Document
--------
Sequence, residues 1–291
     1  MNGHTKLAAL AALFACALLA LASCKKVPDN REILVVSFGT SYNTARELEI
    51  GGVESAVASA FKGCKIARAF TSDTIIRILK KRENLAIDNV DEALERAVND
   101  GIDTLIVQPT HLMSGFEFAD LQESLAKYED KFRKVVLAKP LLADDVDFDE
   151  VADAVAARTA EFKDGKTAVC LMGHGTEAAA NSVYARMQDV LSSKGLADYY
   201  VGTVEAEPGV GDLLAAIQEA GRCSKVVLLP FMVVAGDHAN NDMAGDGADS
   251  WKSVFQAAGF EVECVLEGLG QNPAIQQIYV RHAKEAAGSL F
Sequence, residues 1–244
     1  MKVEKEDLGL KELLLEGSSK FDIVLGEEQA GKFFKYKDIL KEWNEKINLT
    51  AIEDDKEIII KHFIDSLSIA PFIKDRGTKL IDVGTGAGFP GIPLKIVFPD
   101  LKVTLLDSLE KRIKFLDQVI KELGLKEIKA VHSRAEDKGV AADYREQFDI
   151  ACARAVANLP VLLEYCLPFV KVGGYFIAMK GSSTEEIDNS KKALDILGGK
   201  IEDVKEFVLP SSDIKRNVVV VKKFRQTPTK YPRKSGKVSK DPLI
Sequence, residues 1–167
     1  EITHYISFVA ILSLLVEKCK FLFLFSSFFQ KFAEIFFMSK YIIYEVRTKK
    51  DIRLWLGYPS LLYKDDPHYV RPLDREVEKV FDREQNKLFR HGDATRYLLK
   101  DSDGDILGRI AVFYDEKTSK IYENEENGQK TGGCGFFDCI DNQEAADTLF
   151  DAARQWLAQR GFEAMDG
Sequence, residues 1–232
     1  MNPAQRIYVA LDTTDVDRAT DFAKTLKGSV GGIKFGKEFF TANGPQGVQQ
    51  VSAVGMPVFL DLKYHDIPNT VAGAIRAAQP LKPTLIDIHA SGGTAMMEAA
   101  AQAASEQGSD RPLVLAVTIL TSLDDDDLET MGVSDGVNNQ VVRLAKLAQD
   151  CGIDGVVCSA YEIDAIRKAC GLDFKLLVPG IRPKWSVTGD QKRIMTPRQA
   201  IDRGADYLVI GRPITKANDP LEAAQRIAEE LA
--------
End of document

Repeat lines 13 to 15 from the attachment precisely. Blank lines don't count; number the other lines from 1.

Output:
   201  IEDVKEFVLP SSDIKRNVVV VKKFRQTPTK YPRKSGKVSK DPLI
Sequence, residues 1–167
     1  EITHYISFVA ILSLLVEKCK FLFLFSSFFQ KFAEIFFMSK YIIYEVRTKK